What if the market for the services offered by publishers and agents is an Akerlof-style market for lemons?
As in, the information necessary for the author to judge the value of the services offered (i.e. honesty, dishonesty, median title performance, editorial resources, design resources) is only available to those already in the publishing industry network or to those with the financial resources to buy that information (such as hiring a specialised lawyer).
If your average new author doesn’t have access to the resources necessary to tell an honest publisher or agent from a dishonest one (just to name one information asymmetry) without personal recommendation, if the market for the service offered by publishers is indeed a market for lemons, then the perceived economic value of those services to authors outside of the publishing industry network will trend towards zero.
(Those inside the network can get trustworthy personal recommendations and so will be able to assess the true economic value of each offer.)
If this dynamic applies, then the situation would be even more stark for minority authors because they can’t rely on the recommendations of their non-minority network contacts.
This dynamic would have been sort of sustainable when authors had no alternatives except to either deal with the market for lemons (i.e. be overcharged for publishing services) or leave their chosen profession. That is no longer the case.
(Aside: You could view self-publishing services as alternate markets that have decreased the information asymmetry of buying publishing services by unbundling them and forcing them to use fixed prices, and have decreased the risk of purchasing those services by preventing publishers from claiming any rights. These markets can be unfair in other ways, of course. They just manage to avoid this particular dynamic.)
If the market for publishing services is a market for lemons, that would mean that it is structurally impossible for the industry to diversify its author base economically, geographically, or in terms of minorities and class.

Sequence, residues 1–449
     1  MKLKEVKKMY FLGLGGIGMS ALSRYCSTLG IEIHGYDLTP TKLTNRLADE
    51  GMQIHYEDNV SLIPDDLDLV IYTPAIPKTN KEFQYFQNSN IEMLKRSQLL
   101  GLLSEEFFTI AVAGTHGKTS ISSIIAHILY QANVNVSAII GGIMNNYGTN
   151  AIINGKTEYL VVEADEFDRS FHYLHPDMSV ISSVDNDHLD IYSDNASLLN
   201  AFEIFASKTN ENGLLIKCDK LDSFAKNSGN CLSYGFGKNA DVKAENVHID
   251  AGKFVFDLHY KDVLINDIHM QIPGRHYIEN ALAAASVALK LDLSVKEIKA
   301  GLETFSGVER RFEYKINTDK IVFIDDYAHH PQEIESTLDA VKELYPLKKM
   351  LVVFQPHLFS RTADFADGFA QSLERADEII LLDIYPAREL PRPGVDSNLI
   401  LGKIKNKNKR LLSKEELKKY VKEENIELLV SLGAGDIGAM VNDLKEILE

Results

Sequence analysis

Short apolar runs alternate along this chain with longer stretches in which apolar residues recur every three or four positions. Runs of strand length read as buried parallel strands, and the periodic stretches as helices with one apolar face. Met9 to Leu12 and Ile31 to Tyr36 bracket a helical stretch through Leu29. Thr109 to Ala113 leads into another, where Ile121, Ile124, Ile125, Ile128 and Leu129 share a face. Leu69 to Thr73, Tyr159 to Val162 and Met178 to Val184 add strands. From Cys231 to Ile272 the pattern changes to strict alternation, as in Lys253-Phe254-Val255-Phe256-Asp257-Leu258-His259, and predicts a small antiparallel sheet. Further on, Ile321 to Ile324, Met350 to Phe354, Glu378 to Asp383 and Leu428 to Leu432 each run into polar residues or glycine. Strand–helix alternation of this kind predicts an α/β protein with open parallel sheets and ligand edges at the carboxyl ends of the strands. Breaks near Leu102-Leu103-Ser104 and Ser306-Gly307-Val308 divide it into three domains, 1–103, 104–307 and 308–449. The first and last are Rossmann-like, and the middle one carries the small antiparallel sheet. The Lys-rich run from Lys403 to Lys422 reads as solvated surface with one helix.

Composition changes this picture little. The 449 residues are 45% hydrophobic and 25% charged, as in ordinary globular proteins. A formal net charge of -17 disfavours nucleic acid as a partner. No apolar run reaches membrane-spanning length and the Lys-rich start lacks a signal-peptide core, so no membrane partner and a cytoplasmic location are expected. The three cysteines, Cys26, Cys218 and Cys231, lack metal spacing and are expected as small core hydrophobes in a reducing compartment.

Reforming a market for lemons is generally impossible without regulation since well-meaning sellers (i.e. individual publishers) are usually driven out by the less than well-meaning. And, yes, how fair your standard contract is plays a big part in whether you’d be considered well-meaning or not as far as the economics of the market are concerned.
New publishers who don’t have a pre-existing stable of proven authors—authors who are already in the network and who don’t suffer from the information asymmetry—would have to compete by lowering their prices directly or indirectly: shorter contract terms, higher royalties, more personal (and more costly) services. Over time, their lower margins would reduce the sustainability of smaller publishers and they’d be driven out of the market.
Ergo, if this applies, the perceived economic value of the services offered by publishers and agents will trend towards zero for authors who don’t have pre-existing connections in the publishing industry and for authors who are members of one or more minority.
Insiders (rich, well-educated white people) will opt for signing up with a publisher.
Outsiders and minorities will switch wholesale to self-publishing and similar markets.
Just a thought.